Albert Speer: Apolitical Technocrat or Skilled Manipulator? Albert Speer was, arguably, the most complicated personality in the prominent Nazi officials. He began his career after joining the Nazi party as an architect; and his friendship with Hitler propelled his promotion to Reich Minister for Armaments and War Production. When Germany lost the war, Speer was one of the few Nazi officials to evade the death sentence. There are two historical viewpoints as to the role of Speer. The first is that Speer was merely a technocrat, with no political views- and this view is created by Speer in his post-war writings, as well as historian Joachim Fest. The second viewpoint, which is more widely believed than the first, is that Speer was a clever man who manipulated the Nazi party, the Nuremburg War Crimes prosecutors and also the world through his books after Spandau. Historians Matthias Schmidt, Dan Van Der Vat and Gitta Sereny all provide historical evidence to support this thesis. Yet the speculation all comes down the ultimate question: Did Speer manipulate those around him to avoid the death sentence at the Nuremburg trials? After thorough research and much analysis, the answer is yes. At the Nuremburg War Crimes trials, Speer manipulated his prosecutors by putting forward a strategic defence. His defence was this: Speer accepted collective responsibility for Nazi war crimes and crimes against humanity, while simultaneously claiming to have had no knowledge of these atrocities or their details. American economist John Galbraith, who was present at the Nuremburg trials, said “Speer’s confession was part of his well-developed strategy of self-vindication and survival”1. Also, historian Wesley Yang writes that Speer “seduced the Allies with his looks, charm and clever strategy”2. Speer was primarily accused of utilising slave labour in his munitions factories. He distanced himself from his advisor, and the ‘official’ recruiter of the slave labour force, Fritz Sauckel. Sauckel became the scapegoat, and their relationship became very futile. As a result, Speer was sentenced to twenty years in prison, a comparatively light sentence. Film director Martin Davidson conveys in his documentary that “Speer gave the judges what they wanted most, penitence”3. But where did this manipulative nature originate? Speer joined the Nazi party in 1931, and began to be commissioned architectural projects within the party. Prior to joining, Speer was persuaded to attend an address by Hitler, which he did, and he was deeply impressed by Hitler’s appearance and speech. He writes in his memoirs that he felt that “it was time for something to be done about the state of Germany”4, which shows that he entertained political views from the very start. Speer had a very strong work ethic, which became known after he completed many architectural projects in limited time. His first contact with Hitler came when he viewed the plans for the Nuremburg Rally ground. They displeased him, and he wrote “the design outraged both my revolutionary and my architectural feelings”5. He drew up some grandiose plans, and in trying to get them approved, he was sent to Hitler’s office. Their friendship began from that meeting. Speer was promoted Architect of the Reich after the death of Paul Troost, a position he welcomed in view of increasing his own influence and power. When Speer was appointed the Architect of the Reich, he began to manipulate those around him to achieve what he needed. Although Speer didn’t join the Nazi party for its ideals and policies (in fact he never read Hitler’s ‘Mein Kampf’), he very quickly adapted to the Nazi ideologies and incorporated them into his architecture. Speer developed the idea of ‘ruin value’, impressing the Fuhrer with his drawings of what the buildings would look like in many years to come. His theory of ‘Ruin Value’ conveys to historians Speer’s adaptation of the ideal that the Reich would last for a thousand years. Historian Benh...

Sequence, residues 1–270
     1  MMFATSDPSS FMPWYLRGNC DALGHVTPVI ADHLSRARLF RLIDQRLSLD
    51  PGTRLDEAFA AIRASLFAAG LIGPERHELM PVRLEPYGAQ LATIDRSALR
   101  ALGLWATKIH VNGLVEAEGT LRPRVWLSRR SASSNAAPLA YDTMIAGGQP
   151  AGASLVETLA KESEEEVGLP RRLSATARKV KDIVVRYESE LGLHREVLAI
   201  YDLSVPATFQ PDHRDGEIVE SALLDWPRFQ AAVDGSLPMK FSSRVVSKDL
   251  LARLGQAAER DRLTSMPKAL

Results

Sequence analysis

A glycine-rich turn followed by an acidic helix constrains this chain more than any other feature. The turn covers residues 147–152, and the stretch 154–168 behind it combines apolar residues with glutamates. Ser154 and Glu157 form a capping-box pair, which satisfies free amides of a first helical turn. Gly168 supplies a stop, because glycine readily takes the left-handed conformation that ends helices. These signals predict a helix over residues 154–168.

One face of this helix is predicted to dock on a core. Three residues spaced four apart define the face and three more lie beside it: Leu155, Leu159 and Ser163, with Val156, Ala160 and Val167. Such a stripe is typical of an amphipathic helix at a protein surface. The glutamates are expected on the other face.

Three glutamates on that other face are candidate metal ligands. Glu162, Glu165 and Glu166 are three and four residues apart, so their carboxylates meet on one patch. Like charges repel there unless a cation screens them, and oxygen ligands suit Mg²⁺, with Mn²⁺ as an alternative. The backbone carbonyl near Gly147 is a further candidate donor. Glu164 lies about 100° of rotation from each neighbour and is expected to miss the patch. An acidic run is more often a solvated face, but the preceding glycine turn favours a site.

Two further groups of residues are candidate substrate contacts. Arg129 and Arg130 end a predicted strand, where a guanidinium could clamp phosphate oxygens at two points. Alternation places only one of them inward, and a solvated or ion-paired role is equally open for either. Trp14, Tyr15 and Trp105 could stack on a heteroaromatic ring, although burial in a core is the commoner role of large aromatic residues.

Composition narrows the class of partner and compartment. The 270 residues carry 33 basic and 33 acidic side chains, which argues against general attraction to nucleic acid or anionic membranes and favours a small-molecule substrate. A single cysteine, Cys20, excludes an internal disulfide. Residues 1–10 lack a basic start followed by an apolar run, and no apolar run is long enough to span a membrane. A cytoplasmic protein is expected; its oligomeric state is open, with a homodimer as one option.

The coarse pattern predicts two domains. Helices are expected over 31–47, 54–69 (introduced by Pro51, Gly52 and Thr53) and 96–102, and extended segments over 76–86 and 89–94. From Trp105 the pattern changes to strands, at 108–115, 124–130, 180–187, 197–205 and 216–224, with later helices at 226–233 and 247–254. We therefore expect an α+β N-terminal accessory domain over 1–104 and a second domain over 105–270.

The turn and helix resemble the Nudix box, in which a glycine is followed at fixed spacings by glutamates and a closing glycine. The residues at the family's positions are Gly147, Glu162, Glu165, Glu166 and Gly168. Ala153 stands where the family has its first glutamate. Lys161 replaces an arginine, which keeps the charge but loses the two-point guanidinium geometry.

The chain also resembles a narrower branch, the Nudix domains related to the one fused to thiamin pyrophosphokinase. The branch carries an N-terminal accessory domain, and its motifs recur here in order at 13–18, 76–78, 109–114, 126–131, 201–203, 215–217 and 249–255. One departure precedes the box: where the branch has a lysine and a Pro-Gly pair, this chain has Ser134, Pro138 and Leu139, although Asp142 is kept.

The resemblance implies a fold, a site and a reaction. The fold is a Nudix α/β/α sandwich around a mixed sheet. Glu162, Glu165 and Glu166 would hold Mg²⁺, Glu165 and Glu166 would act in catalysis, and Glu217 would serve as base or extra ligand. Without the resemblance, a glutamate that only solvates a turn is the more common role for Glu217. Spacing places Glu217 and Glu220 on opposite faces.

Bibliography: Galbraith, J. Interrogation of Albert Speer. Life Magazine. 1945 http://www.123helpme.com/view.asp?id=22722
Sereny, G, Albert Speer: His Battle with Truth. Picador, London, 1995.
Frappell, S. Merritt, A. O’Brien, c. Ritter, L. HSC Modern History. Macmillian, Melbourne, 2003.
Van Der Vat, D. The Good Nazi- The Life and Lies of Albert Speer. Houghton Mifflin Company, New York, 1997.
Wise, M. Did Hitler’s Architect Know the Plan? 22 September, 1995. http://www.michaelzwise.com/articleDisplay.php?article_id=13
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